KAIST Celebrates 50th Anniversary with Determination to Lead Korean Science and Technology
President Moon promise to spare no support for KAIST to make advancements in science and technology
In order to commemorate the 50th anniversary of the KAIST, KAIST President Shin Sung-chul delivers a lecture under the theme of “KAIST, Vision & Innovations for the Next Dream of KAIST” on February 3. (Photo: KAIST)
The Korea Advanced Institute of Science and Technology (KAIST), which celebrated its 50th anniversary on Feb. 16, laid out its plan to achieve the “10-10-10 Dream” over the next 50 years.
KAIST held an online ceremony for the 50th anniversary event at the main auditorium in Daejeon under the theme of “50 Years of Glorifying Korea, 100 Years of Glorifying Humanity.”
“I will double the government’s budget for basic scientific research and offer more opportunities to young scientists,” said President Moon Jae-in in his congratulatory speech.
“We will significantly improve regulations and strengthen an innovation ecosystem to create an environment where scientists can devote themselves to research,” President Moon said.
“As the Korean people support scientists and your passion and future are none other than Korea’s passion and future, I hope that you will have big dreams and turn them into realities.”
“We plan to produce 10 singularity professors who will solve mankind’s difficulties or break new ground in the academic sector over the next 50 years and foster 10 decacorn startups with more than 10 trillion won in corporate value,” KAIST President Shin Sung-chul said in his commemorative speech.
At the same time, Shin presented the “10-10-10 Dream” as a long-term vision. The plan calls on KAIST to establish 10 KAIST-like organizations around the world, such as the establishment of the Kenya Institute of Science and Technology.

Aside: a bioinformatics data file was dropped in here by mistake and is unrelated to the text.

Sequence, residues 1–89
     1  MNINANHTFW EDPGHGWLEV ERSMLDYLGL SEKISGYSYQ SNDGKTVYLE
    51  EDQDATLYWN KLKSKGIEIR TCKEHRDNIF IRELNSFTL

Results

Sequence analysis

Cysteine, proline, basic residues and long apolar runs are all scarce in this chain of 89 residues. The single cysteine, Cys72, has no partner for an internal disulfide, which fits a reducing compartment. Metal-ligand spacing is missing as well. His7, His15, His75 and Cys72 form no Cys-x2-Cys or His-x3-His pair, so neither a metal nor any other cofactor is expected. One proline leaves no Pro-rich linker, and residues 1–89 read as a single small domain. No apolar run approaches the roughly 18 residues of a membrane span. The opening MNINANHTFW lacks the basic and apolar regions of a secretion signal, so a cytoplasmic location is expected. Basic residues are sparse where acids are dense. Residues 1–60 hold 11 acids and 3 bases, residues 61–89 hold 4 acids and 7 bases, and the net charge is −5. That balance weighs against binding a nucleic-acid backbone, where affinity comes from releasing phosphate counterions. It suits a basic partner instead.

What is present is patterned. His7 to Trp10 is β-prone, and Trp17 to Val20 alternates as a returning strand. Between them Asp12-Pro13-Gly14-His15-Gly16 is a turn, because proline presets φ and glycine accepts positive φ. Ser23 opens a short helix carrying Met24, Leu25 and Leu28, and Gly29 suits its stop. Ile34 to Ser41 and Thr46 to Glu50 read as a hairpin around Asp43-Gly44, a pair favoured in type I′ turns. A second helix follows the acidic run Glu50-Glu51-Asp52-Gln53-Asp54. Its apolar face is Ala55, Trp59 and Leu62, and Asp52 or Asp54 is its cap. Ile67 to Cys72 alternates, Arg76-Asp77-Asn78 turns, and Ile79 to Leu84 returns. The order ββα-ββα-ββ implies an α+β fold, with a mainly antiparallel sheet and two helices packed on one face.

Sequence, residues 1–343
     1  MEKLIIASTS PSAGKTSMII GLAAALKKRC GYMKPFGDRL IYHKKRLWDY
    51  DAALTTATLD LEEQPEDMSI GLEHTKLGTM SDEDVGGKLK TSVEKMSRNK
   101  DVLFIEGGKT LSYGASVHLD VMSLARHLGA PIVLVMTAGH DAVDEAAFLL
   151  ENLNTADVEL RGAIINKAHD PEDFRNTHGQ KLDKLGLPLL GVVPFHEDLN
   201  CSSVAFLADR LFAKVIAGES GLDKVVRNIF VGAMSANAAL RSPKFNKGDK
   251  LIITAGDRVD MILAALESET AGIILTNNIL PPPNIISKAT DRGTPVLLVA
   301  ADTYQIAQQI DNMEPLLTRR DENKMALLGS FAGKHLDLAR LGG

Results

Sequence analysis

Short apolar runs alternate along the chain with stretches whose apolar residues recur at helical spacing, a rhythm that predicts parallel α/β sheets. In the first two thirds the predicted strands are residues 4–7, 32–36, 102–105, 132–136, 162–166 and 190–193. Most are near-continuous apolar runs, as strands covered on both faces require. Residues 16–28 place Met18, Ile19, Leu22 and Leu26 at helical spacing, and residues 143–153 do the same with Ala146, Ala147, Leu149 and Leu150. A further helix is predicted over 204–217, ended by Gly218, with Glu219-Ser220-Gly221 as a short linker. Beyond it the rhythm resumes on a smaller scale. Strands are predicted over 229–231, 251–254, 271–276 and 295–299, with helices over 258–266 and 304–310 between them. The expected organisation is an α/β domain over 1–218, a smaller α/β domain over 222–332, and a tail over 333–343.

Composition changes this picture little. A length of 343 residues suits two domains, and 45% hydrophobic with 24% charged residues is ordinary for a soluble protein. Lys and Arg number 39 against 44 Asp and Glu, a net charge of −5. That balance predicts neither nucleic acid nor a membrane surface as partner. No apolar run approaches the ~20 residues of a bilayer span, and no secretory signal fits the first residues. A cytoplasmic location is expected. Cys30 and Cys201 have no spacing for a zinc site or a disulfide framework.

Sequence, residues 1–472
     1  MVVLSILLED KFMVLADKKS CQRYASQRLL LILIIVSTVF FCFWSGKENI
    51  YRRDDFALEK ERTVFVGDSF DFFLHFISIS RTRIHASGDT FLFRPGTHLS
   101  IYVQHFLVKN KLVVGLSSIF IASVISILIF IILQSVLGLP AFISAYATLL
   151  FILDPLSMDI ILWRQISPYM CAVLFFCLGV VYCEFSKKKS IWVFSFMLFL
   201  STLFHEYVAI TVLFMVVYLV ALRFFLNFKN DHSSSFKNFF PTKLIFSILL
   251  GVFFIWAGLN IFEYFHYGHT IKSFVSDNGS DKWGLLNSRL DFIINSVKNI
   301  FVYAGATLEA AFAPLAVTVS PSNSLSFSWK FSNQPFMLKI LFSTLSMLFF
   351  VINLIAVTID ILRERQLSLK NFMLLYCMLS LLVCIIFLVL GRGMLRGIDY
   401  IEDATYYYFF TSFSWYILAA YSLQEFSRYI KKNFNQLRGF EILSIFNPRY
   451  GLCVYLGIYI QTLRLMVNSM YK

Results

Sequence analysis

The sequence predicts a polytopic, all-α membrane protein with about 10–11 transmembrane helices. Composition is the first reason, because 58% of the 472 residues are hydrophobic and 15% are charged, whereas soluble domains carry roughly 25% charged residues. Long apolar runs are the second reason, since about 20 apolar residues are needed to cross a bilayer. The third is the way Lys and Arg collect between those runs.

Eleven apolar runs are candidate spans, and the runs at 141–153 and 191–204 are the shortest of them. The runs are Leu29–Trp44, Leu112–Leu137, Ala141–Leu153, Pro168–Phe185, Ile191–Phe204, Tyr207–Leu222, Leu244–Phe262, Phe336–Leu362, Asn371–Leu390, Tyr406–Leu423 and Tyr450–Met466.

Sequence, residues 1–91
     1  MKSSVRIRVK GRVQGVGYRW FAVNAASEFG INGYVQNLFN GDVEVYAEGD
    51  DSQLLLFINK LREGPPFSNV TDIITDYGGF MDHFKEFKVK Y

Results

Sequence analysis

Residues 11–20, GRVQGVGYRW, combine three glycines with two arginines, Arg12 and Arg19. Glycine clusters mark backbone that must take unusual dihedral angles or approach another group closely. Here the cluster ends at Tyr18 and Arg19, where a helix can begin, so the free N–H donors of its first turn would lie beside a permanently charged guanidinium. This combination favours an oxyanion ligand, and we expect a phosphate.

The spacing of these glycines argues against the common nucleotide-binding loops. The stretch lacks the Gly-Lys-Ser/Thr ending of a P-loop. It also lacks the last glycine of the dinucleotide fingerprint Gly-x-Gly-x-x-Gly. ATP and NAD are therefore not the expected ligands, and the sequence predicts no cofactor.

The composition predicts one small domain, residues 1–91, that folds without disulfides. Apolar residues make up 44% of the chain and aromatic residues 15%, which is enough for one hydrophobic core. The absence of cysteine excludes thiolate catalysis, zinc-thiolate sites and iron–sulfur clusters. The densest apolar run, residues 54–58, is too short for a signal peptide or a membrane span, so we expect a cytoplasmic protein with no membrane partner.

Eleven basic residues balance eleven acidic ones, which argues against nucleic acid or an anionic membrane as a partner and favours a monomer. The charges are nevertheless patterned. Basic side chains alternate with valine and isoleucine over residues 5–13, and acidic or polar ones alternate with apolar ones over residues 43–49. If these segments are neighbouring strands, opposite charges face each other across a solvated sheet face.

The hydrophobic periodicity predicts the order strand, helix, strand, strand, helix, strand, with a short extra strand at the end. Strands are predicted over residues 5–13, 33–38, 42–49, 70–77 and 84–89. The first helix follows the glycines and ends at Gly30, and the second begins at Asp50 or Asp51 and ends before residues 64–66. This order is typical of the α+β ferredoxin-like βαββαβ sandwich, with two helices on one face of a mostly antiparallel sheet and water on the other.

An international symposium to mark the 50th anniversary of its opening was held with Thomas Rosenbaum, president of the California Institute of Technology, and Joel Mesot, president of the Swiss Federal Institute of Technology in Zurich, making presentations under the theme of “The Roles of the University in the Next 50 Years.”
KAIST started in the Hongneung R&D Complex in Seoul in 1971 as the Korea Advanced Institute of Science (KAIS).
In 1980, it merged with the Korea Institute of Science and Technology (KIST) and was renamed KAIST.
In July of the same year, it moved to Daedeok R&D Special District in Daejeon to begin an era of its Daedeok Campus. KAIST has produced a total of 69,388 scientists and engineers during a half-century.
The KAIST seeks to contribute to the happiness and prosperity of humanity through innovation in science and technology.
The vision entails KAIST’s innovation initiatives in five areas, such as education, research, technology, commercialization and globalization as well as future strategy.
The vision reflects the three keywords - humanity, happiness and prosperity.
“First, the mission of KAIST when it was founded in 1971 was the development of science and technology as well as industry,” a KAIST official said.
“Today, KAIST should exert efforts to achieve universal values that extend beyond Korea in order to benefit humanity.”
“The happiness KAIST pursues is a concept that not only covers social value but also encompasses sustainability, dignified living, and qualitative satisfaction,” the official added.
“Social entrepreneurship and the launching of social enterprises are also included. Prosperity is the enjoyment of life, surpassing basic needs in terms of psychological, economic, and material fulfillment.”
KAIST will provide education to foster creative leaders who enhance the social value of science and technology, conduct research and development to overcome challenges facing humanity, emerge as an entrepreneurial university that creates value through technology commercialization, and play the roles of “World Bridge KAIST” through globalization, according to the official.
KAIST celebrated the anniversary with 2,712 new graduates. The institute announced the graduation of the students, including 668 PhDs and 1,331 master’s degree recipients.
Even a pandemic could not stop KAIST from recognizing each graduate's remarkable and personal achievement. A pandemic-proof commencement ceremony was held on Feb. 19, which was live streamed to the graduates and their loved ones.
KAIST published a special edition of “ACS Nano,” an authoritative international journal in the field of nanoscience, with a focus on KAIST’s innovative research achievements and research and development efforts to cope with the spread of the new coronavirus.